He now has a business selling birds in Cerro. “What I learned at the Faculty I use a lot in the care of these animals, and I also sell hamsters, turtles and rabbits, in addition to the food they need.” The days when business goes badly, Yander still earns what a doctor achieves in a week. “I don’t miss it at all; rather I feel that I was saved from disaster.”

Economic problems also tipped the balance for Nelson Sánchez Ramos’ daughter. “We decided that the best thing for our daughter is to abandon her studies,” this man wrote on his Facebook account. “The disparity between what a professional earns who must study six years to save lives and what the frontmen of the regime receive, makes you reflect on your future and the future of this country.”

Sánchez’s wife, a graduate of Medicine, ” was forced to stop practicing the profession because it’s very difficult for her to get used to living on a salary” that doesn’t even guarantee a regular breakfast. “My girl lost motivation for her studies and now she has to make a huge effort as many university students in this country do, to graduate from a profession that they may abandon in the future to be able to fulfill their dreams, or for something as basic as guaranteeing an adequate diet for her and her children.”

Wage contrasts are obvious between what a doctor earns and what the members of the Ministry of the Interior earn. “Cubans interested in training as prison officials will receive 6,690 pesos of monthly salary, after a course of five and a half months, while a newly graduated doctor earns 4,610 pesos; a resident studying his specialty receives 5,060; and in the case of doctors with finished specialties, the salary ranges between 5,560 and 5,810,” concludes Sánchez.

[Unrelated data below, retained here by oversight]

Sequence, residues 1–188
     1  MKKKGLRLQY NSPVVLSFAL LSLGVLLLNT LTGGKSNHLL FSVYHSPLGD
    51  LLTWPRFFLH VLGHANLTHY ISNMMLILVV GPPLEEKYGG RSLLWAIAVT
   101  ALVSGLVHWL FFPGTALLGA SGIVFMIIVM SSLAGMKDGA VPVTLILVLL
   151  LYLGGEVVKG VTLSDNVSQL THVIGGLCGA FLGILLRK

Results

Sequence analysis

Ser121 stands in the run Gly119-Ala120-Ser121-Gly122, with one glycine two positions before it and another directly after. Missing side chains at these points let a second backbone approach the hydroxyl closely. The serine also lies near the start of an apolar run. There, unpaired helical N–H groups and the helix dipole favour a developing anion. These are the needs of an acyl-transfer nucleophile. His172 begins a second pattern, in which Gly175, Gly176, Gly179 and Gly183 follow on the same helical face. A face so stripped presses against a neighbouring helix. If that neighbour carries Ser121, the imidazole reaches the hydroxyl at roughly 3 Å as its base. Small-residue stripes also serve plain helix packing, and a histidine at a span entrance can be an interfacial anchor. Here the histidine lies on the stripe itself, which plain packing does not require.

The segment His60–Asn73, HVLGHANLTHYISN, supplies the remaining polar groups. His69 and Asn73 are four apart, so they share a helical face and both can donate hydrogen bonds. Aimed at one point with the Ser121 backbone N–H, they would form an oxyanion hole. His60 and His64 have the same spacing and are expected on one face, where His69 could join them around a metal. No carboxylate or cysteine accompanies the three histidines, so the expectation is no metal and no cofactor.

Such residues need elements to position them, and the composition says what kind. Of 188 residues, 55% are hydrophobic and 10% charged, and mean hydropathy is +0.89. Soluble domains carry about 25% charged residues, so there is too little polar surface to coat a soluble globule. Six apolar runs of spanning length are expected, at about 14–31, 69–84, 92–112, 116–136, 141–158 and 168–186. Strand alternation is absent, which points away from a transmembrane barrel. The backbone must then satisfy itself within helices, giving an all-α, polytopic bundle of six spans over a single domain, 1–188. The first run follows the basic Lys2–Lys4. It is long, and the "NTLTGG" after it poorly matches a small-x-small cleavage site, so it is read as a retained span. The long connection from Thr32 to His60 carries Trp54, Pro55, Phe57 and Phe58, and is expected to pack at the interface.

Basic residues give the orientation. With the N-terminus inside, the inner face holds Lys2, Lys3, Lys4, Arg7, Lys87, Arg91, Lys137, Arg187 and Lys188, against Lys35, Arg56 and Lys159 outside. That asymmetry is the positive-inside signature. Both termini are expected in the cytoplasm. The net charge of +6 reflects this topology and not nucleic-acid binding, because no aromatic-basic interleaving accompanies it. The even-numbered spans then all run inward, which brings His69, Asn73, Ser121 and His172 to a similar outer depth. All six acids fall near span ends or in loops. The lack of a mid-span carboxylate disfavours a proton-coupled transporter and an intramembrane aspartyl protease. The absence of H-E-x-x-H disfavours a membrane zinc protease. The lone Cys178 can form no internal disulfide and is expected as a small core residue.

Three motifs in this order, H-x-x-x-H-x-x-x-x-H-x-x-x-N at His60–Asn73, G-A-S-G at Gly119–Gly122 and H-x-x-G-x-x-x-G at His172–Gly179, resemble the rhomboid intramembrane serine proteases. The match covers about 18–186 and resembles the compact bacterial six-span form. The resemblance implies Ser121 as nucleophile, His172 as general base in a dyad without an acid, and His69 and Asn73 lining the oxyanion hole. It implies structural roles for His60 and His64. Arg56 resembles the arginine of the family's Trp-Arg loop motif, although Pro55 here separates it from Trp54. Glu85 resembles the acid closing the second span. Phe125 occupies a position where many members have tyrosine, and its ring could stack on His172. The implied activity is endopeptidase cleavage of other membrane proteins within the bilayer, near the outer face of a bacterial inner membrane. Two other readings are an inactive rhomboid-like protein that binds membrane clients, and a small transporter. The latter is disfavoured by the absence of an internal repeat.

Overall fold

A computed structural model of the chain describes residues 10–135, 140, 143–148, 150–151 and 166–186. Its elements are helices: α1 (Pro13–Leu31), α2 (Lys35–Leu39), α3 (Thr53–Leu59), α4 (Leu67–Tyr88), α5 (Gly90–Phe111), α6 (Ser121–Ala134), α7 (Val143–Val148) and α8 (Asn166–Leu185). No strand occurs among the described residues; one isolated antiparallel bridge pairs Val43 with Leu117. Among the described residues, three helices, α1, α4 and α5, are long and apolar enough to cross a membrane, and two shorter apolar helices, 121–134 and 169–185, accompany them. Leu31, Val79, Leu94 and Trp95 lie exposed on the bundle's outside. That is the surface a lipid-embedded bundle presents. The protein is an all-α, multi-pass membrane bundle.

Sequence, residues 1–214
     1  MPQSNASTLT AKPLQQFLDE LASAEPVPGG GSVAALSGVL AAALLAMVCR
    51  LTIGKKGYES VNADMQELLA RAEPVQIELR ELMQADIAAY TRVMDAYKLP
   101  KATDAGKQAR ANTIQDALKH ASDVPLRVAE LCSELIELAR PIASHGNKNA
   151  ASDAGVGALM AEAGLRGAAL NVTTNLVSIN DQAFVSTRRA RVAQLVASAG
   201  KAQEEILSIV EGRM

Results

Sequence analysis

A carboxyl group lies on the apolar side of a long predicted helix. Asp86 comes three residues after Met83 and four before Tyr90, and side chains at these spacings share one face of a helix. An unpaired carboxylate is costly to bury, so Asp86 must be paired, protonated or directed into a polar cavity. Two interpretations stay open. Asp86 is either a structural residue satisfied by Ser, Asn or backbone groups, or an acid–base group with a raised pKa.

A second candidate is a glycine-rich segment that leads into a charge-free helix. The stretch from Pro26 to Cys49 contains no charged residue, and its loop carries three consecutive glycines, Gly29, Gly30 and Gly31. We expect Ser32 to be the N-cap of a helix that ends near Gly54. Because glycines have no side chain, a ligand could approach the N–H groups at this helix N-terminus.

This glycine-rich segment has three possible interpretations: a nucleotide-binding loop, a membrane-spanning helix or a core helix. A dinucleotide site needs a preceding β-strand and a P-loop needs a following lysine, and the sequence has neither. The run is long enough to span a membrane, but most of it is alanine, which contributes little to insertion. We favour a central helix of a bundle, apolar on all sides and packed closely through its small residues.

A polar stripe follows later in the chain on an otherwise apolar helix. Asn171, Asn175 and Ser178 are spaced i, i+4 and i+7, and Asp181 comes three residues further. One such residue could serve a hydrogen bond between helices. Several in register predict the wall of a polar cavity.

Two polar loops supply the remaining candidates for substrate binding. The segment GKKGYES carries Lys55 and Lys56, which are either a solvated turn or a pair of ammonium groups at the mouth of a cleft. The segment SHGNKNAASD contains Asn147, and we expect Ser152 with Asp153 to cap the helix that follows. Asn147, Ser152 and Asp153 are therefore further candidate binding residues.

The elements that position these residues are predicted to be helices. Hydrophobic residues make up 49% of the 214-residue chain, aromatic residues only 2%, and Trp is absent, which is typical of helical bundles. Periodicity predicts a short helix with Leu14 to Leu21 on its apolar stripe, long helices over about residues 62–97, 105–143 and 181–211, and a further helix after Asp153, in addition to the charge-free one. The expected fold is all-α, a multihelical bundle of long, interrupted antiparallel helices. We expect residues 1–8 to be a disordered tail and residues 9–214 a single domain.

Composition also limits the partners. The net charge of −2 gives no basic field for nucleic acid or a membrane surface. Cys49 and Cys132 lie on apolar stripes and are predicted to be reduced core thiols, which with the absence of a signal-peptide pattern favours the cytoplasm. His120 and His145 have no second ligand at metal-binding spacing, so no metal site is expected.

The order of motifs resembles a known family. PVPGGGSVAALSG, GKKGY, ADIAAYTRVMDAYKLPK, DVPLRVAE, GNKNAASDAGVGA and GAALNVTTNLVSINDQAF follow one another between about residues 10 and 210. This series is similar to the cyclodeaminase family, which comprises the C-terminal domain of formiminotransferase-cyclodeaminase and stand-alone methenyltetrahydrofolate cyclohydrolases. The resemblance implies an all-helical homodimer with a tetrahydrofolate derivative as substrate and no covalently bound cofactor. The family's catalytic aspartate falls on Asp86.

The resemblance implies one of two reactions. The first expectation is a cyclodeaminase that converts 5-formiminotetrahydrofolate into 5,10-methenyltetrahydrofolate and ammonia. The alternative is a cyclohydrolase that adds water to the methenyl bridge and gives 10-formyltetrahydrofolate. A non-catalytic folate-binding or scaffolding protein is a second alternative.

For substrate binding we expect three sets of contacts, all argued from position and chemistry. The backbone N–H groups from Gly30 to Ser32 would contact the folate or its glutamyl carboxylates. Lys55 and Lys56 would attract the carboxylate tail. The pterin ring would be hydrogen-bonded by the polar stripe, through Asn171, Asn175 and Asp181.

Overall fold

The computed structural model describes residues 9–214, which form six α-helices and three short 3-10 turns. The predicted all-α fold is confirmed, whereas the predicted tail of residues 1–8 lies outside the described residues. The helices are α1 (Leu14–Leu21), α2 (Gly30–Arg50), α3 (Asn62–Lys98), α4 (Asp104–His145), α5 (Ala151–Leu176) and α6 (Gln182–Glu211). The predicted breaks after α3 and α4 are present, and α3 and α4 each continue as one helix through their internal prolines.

Others abandon their studies to use all their energies to leave the country. “My son left Medicine in his fifth year and sold everything he had to pay for the ticket to Nicaragua. He has already been in the United States for three months and works in a brigade of builders. His friends at the Faculty see him as a hero,” says Frank Vilaú, father of a 26-year-old boy. “Now he is earning enough to help his girlfriend, who also left medical school, to get out of Cuba.”

But the exodus is not only happening in university education and, specifically, in the faculties of Medicine but also at all educational levels. René, a 45-year-old father from Havana and about to leave for the United States with his children through the family reunification program, visited the youngest’s high school to communicate to the teacher that the child would no longer continue attending classes because of the imminent departure.

“The teacher almost burst into tears and told me: ’No one is going to be left here. I have several students who are in the same situation, and other teachers have also told me that the same thing is happening in their classrooms.’”

Translated by Regina Anavy